Chesapeake Energy is cutting symbols of its past corporate largesse — including laying off its three staff chaplains and closing an employee garden that grows vegetables for a local food pantry.
The garden's two full-time employees — including a beekeeper — were also laid off this week, according to multiple former and current Chesapeake employees, who spoke under the condition of anonymity because they feared being fired for talking to the media, or losing severance packages after being laid off.
The company has not responded to requests for comment on the garden closing or chaplain layoffs.
Multiple sources told The Oklahoman that Chesapeake has laid off its three staff chaplains. The Chesapeake email accounts for all three pastors that the company employed up until recently have been deactivated.
The company moved to hire its first full-time chaplain, Robin Wood, two years ago after he emailed former CEO Aubrey McClendon about the idea, the company told The Oklahoman in 2011.
Lorrie Jacobs, vice president of compensation and benefits at Chesapeake, described Wood's hiring at the time as “kind of a God thing.”
Jacobs email account was also deactivated this week.
By 2012, Chesapeake employed three full-time chaplains who provided counseling to employees and occasionally presided over weddings and funerals, according to newspaper archives.
Sources told The Oklahoman two full-time employees who staffed Chesapeake's employee garden also were laid off.
The Chesapeake garden takes up an entire city block off NW 63 Street between Lee and Shartel. Employees are able to use the garden's raised beds to grow flowers and vegetables. The spot is also home to a colony of bees.
On Thursday morning, the garden, encircled by a high chain link fence and accessible only by employees, was empty. The windows of the garden office were dark.
For the past several years, Chesapeake employees have donated fresh produce harvested from the garden to nearby BritVil Community Food Pantry.
Chesapeake employees have told BritVil Executive Director Sue Butler that the garden will close after the harvest this fall, she said Thursday.
The vegetables from the Chesapeake garden — everything from tomatoes, okra and kale, go to local families who can't always afford fresh produce, Butler said.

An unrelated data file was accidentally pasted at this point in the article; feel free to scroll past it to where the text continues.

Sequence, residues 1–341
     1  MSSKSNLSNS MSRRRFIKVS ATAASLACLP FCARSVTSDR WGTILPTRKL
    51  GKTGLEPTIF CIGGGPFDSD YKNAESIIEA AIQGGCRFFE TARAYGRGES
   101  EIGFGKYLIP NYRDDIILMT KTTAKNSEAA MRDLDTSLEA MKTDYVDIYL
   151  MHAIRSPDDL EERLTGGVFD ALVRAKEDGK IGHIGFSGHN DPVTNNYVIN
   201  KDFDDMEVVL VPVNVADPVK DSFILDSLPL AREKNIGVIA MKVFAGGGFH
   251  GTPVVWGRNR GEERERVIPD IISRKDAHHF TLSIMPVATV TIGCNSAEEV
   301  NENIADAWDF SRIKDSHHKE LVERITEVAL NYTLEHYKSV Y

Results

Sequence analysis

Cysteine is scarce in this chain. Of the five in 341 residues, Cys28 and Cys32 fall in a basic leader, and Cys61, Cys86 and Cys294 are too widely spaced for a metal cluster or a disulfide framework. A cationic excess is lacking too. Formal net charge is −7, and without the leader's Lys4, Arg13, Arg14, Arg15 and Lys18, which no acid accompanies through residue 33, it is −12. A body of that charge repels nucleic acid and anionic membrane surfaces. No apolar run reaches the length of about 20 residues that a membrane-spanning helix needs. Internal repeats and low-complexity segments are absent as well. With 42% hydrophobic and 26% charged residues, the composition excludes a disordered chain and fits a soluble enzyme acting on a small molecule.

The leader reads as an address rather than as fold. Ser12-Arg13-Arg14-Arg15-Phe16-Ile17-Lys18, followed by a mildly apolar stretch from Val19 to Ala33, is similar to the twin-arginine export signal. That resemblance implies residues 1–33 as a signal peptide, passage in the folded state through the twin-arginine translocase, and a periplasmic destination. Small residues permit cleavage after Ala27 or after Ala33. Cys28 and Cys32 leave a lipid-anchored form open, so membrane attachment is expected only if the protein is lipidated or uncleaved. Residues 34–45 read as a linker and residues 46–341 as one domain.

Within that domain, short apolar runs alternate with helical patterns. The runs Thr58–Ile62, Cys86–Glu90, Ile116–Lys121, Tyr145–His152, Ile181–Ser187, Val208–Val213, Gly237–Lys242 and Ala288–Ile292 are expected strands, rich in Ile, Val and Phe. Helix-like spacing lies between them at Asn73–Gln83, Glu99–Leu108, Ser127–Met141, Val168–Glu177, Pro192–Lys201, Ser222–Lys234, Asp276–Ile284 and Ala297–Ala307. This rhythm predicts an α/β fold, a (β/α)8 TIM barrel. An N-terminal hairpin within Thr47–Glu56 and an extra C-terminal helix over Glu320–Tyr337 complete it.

“The vegetables were just phenomenal — they pick them and bring them here the day they pull them out of the garden,” she said. “They've been a blessing for this community.”
Both the employee garden and staff chaplains were some of the company's much-touted employee perks. The company has been consistently ranked on Fortune Magazine's Best Companies to Work For list. Chesapeake was ranked No. 26 on the list in January, the highest ranking for an Oklahoma-based company.
The company has been tight-lipped about reported layoffs in recent weeks, but many have expected job cuts since McClendon left earlier this year.
On Tuesday, the company told The Oklahoman in a statement that it was “transitioning key leadership positions and making adjustments to its organization to properly align resources, reduce expenses, and improve its operating and competitive performance.”
Speaking Wednesday at the Barclays CEO Energy-Power Conference in New York, recently installed CEO Doug Lawler, said he is pushing Chesapeake to become a “more competitive, profitable company.”
“We are going to be return-centric in everything we do and in all aspects of our business,” Lawler said.
Meanwhile, McClendon has founded American Energy Partners in a six-story office building at 301 NW 63, just a few blocks from Chesapeake's main campus. Two billboards outside the building proclaim that American Energy Partners is “Still hiring.”
Building permits filed with the city indicate that McClendon's new company is putting in an employee fitness center on the ground floor of the building.